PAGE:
- Lynn Marsh
From Laurence Stickney:
The "belief" that heavy impact may have an adverse impact on the
appearance of favored mushroom crops is a poor substitute for absolute
that this is so.
Before our Society was formed 52 years ago, B. edulis gathering along the
northern California coast was done by the pick-up truckload week after
San Franciscans of Italian heritage every Fall. This can be considered
unreliable anecdotal by some, but real old timers, like Sal Billeci, our
President, who was a valued friend of mine for more than 20 years, dying
age of 93 a few years ago, often attested to the Italian community's
for collecting and drying huge amounts of edulis to store for year 'round
I'm sure he wasn't gilding some lily. It was quite true.
Efforts to have Johnny-come-lately land managers accept this fact have
proved fruitless because they have no personal experience with anyone who
gathering long before these youngsters were born, so we endure the faulty
undue restrictions they in their absolute ignorance devise.
They are not doing any better away from their counterparts in Oregon about
David Arora spoke so eloquently here a few days ago, edited and underlined
...In the Crescent Lake area of Oregon near where the recent NAMA foray
held (Diamond Lake), large areas designated as spotted owl habitat or bald
eagle nesting habitat are closed to picking, as though this was in any way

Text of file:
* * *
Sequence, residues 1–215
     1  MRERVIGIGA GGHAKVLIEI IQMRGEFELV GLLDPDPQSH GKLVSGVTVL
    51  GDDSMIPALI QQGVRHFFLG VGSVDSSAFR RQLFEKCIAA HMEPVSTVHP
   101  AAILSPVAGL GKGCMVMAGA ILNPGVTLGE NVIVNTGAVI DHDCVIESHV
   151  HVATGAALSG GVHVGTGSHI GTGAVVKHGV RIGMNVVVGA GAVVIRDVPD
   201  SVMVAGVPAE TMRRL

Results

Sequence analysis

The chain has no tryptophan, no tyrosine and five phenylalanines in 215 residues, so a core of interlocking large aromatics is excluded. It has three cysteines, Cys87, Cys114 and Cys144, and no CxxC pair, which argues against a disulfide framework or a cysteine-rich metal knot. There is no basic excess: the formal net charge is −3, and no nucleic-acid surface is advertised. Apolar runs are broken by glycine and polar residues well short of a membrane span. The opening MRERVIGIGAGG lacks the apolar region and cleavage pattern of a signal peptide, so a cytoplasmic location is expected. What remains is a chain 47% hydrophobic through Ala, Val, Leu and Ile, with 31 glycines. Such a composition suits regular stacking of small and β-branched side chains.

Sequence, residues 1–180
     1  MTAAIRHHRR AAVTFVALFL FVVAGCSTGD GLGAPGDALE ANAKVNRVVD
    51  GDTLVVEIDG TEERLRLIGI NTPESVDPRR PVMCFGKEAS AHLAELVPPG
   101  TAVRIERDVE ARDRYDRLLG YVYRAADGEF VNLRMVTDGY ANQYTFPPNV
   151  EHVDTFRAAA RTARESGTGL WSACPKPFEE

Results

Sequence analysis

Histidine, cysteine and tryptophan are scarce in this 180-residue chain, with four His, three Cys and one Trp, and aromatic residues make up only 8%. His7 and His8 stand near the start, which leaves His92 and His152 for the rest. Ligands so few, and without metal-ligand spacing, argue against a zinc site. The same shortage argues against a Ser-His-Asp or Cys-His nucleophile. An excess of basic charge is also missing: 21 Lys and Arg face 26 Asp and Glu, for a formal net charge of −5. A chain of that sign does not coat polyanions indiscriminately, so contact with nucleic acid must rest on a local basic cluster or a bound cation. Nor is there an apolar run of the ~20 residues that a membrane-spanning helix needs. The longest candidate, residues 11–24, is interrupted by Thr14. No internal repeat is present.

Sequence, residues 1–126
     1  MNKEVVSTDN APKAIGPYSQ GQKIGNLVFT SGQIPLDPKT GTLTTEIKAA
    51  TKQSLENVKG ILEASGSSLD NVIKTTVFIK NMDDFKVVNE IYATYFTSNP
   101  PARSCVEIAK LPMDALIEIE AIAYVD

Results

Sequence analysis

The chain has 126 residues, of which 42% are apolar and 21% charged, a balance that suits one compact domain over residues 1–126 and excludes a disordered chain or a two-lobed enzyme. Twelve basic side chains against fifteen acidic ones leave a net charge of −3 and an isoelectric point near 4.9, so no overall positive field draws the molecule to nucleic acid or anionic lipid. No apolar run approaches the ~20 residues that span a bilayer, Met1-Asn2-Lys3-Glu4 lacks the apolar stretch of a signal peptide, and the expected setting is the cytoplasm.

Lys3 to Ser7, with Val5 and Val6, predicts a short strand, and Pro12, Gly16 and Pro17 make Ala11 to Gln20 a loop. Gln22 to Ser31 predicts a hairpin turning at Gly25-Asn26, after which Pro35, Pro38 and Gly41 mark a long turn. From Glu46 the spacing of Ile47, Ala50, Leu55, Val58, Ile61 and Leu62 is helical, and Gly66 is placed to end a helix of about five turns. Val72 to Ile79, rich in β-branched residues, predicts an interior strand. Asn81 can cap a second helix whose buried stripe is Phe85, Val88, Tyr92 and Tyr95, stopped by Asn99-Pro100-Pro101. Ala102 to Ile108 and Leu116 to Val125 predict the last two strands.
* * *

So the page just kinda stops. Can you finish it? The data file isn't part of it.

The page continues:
germane to birdlife safety. Nesting in September? In open areas, Rangers
prohibited the picking of matsutake before Sept. 15. This year the picking
best at the end of August, and by Sept. 15 much of the crop was wormy
it had been in the ground so long. So their policies made it economically
unviable for many. A week ago most pickers were making about $30 - $70 for a
full day's pick. Rangers were searching pickers' backpacks and citing
who had a matsie button that was less than 1½" long OR whose cap
was less than
1½" broad. The original intent of this size regulation was to discourage
people from disturbing the ground too much. But even the most conscientious
pickers sometimes pop out undersized buttons, because it's very difficult
measure them while they're still in the ground - they could have a cap
of 1¾" inch but a stem that's less than 1½" (making them
illegal), etc. To
accurately measure them while they're still in the ground would require
more disruption to the ground than picking them! But instead of citing
with an extraordinarily high percentage of undersized buttons -- something
can be determined at a quick glance -- law enforcement is practicing zero
tolerance, measuring individual mushrooms and using it as a reason to sort
through pickers' belongings, camps, cars, etc. There is also a policy of
forcing pickers, if they buy a picking permit, to camp in a huge, crowded